Lending money to a relative? Avoid a tax trap
Suppose a relative wants to borrow money for a business venture or to buy a home. It's true that family loans can raise problems. But if you're going to do it, take the tax law into account. Otherwise, you could have an unexpected problem on your hands.
Here's what to watch out for
It all has to do with "imputed interest" rules that may apply if you don't charge the going rate of interest on the loan. Essentially, the IRS treats the loan as if interest were required, even if you're not charging any interest, or you're imposing an unusually low rate. Thus, the interest is "imputed" to you — the lender — based on IRS figures.
In other words, the IRS treats it like you've received taxable interest from the relative, even though you may not be getting a penny. Thus, you could be facing a tax bill that you probably weren't counting on.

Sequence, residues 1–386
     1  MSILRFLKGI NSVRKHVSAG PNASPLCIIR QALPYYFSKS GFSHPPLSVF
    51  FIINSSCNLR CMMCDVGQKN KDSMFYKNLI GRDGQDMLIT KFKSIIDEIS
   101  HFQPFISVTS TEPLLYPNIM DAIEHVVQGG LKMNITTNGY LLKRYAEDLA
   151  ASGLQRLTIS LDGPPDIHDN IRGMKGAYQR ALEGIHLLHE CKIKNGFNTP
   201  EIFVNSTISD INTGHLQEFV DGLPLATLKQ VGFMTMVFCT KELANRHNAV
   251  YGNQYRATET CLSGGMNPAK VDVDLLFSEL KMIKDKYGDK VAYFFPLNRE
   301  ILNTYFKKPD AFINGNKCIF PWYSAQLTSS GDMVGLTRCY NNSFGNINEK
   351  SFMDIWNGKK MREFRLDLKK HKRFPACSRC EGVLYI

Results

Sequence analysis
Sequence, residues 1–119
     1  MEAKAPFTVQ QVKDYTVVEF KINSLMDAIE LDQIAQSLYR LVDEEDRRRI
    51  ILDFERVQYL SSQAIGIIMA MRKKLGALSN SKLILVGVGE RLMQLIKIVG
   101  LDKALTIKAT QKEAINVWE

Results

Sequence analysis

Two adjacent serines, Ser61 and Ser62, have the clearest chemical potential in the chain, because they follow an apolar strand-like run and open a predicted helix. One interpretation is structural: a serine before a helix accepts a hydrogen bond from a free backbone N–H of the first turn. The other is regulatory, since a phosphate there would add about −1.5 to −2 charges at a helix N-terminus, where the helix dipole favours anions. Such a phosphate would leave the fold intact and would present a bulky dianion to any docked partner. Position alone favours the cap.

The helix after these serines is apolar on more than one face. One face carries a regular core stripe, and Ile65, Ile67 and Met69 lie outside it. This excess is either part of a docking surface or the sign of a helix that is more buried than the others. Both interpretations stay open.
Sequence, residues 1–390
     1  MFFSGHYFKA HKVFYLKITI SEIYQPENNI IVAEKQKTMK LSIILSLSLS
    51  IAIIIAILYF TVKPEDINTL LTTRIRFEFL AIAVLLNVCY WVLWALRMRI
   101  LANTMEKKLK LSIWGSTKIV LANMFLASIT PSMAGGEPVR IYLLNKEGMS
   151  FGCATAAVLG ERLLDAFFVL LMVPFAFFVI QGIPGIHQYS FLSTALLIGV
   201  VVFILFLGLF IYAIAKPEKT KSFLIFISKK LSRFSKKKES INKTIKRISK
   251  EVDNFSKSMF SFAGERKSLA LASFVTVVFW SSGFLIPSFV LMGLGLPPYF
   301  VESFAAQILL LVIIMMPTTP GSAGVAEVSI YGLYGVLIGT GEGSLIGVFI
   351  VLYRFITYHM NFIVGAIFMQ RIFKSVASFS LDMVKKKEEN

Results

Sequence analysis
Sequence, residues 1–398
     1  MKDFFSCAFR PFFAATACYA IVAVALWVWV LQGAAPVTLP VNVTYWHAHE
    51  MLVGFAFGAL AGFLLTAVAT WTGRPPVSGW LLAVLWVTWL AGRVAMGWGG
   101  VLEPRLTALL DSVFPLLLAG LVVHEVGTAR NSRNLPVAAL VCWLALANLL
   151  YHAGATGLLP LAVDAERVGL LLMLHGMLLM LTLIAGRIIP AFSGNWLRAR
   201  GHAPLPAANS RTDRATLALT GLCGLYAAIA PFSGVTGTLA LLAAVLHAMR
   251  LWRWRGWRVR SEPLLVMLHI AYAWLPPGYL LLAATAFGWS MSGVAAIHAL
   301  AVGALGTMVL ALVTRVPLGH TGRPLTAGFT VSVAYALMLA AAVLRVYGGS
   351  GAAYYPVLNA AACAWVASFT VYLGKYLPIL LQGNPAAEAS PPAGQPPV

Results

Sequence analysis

Fortunately, the tax law provides two exceptions to these "imputed interest" rules:
- If you lend your relative less than $10,000, you have no tax worries, unless the money is used to purchase income-producing property. You can charge no interest (or an extremely low interest rate) without any tax repercussions.
- If the money is a gift, you also don't have to deal with interest. You and your spouse can each give up to $14,000 ($15,000 in 2018) to an individual each year.
There are additional complexities for some family loans, but those are the main tax rules to address. If possible, stay below the thresholds for either of the two exceptions. Alternatively, charge an interest rate and use a formal loan document resembling one found at a bank. Your professional advisors can help you with the details.